... konulu sunumlar: "Doğal Dil İşleme - Giriş Yılmaz Kılıçaslan. Sunu Planı Bugün, –Ne yapacağız? –Nasıl yapılır? –Niçin yapmalıyız? sorularına yanıt arayarak derse giriş."— Sunum transkripti:
Doğal Dil İşleme - Giriş Yılmaz Kılıçaslan
Sunu Planı Bugün, –Ne yapacağız? –Nasıl yapılır? –Niçin yapmalıyız? sorularına yanıt arayarak derse giriş giriş yapacağız. 2
Ne Yapacağız? 3 Dil Zihin Gerçeklik Bilgisayarlı Kuramsal Felsefi üzerine çalışmalar yapacağız. Edebiyat Yazım kuralları Dil ağızları vs. üzerine çalışmayacağız.
Dilin anlamı vardır: totoloji Dilin varoluş gerekçesi anlam kodlamaktır. Bir dil eylemi, ancak birilerinin birşeyleri anlamasını sağladığı zaman başarıya ulaşır. Anlamını bilmediğimiz sesler, dinleyen için gürültüden ibarettir. 4
Anlamın anlamı: paradoksal We are all homo significans. However,... “[though] it is tautological that meaningful expressions are just that, meaningful, it has proven extremely difficult to say much more about this property of meaning” (p. 3). (Barwise and Perry 1999) 5
Anlam üç öğeli bir ilişkidir Smoke means fire. Fire causes smoke. Smoke means fire to us. *Fire causes smoke to us. 6
Anlamın üç öğesi 7 WORDSREALITY MINDS LINGUISTIC MEANING Words can be constituents of meanings. Donald Davidson The external world accommodates meanings. Jon Barwise Meaning’s natural home is the mind. John locke V IEWS OF R EALITY: 1.ARISTOTELIAN 2. PLATONIC 3 NOMINALIST 4. CONCEPTUALIST 5. SOLIPSIST NATURAL WORLD REALM OF IDEAS NO STRUCTURE MIND NO REALITY S OURCE OF S TRUCTURE:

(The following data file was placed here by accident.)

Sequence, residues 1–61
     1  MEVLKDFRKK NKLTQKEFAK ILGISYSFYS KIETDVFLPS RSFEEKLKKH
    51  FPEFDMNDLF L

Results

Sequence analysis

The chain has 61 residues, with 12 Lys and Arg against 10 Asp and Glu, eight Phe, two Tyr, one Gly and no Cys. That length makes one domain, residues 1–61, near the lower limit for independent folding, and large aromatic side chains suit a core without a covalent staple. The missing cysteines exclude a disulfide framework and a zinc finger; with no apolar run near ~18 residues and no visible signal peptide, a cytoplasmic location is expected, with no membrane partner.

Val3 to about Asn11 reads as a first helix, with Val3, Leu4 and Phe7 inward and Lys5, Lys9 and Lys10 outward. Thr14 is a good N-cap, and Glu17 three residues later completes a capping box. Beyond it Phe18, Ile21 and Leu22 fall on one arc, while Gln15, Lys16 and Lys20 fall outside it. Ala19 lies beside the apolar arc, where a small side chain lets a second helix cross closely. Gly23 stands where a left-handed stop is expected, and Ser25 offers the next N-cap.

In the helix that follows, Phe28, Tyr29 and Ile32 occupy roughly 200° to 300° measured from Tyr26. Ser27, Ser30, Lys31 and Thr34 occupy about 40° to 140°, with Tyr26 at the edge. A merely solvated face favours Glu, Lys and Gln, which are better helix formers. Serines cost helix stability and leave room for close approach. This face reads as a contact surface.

İşaretler: anlam üretme araçları As Chandler (1984) points out, we, as homo significans, make meanings through our creation and interpretation of signs. Some philosophers, such as Peirce, argue that we think only in signs. Piaget goes one further step and claims that there is no difference between sign usage and (conceptual) thought. 8
Saussurean Sign A dyadic matrix excluding the non-mental The signifier is the form which the sign takes and the signified is the concept it represents. 9 A sign is always a combination of these two.
Peircean Sign A triadic structure with an exit to external reality A sign, or representamen, is something which stands to somebody for something in some respect or capacity. It addresses somebody, that is, creates in the mind of that person an equivalent sign, or perhaps a more developed sign. That sign which it creates I call the interpretant of the first sign. The sign stands for something, its object. (Peirce 1931) 10 Properly speaking, semiosis starts because a representamen is opaque, but, when the representamen is transparent semiosis becomes a blind process. (Peirce 1931)
Typology of Signs indices, icons and symbols 11 Icon: a mode in which the signifier is perceived as resembling or imitating the signified (recognizably looking, sounding, feeling, tasting or smelling like it): e.g. a portrait, a cartoon, a scale- model, metaphors, 'realistic' sounds in 'programme music', sound effects in radio drama, a dubbed film soundtrack, imitative gestures. Index: a mode in which the signifier is directly connected in some way (physically or causally) to the signified: e.g. 'natural signs' (smoke, thunder, footprints, echoes and flavours), medical symptoms (pain, a rash, pulse-rate), measuring instruments (weathercock, thermometer, clock), 'signals' (a knock on a door, a phone ringing), pointers (a pointing 'index' finger, a directional signpost), recordings (a photograph, a film, video or television shot, an audio-recorded voice), and indexical words ('that', 'this', 'here', 'there'). Symbol: a mode in which the signifier does not resemble the signified but which is fundamentally arbitrary or purely conventional: e.g. language in general (plus specific languages, alphabetical letters, punctuation marks, words, phrases and sentences), numbers, morse code, traffic lights, national flags.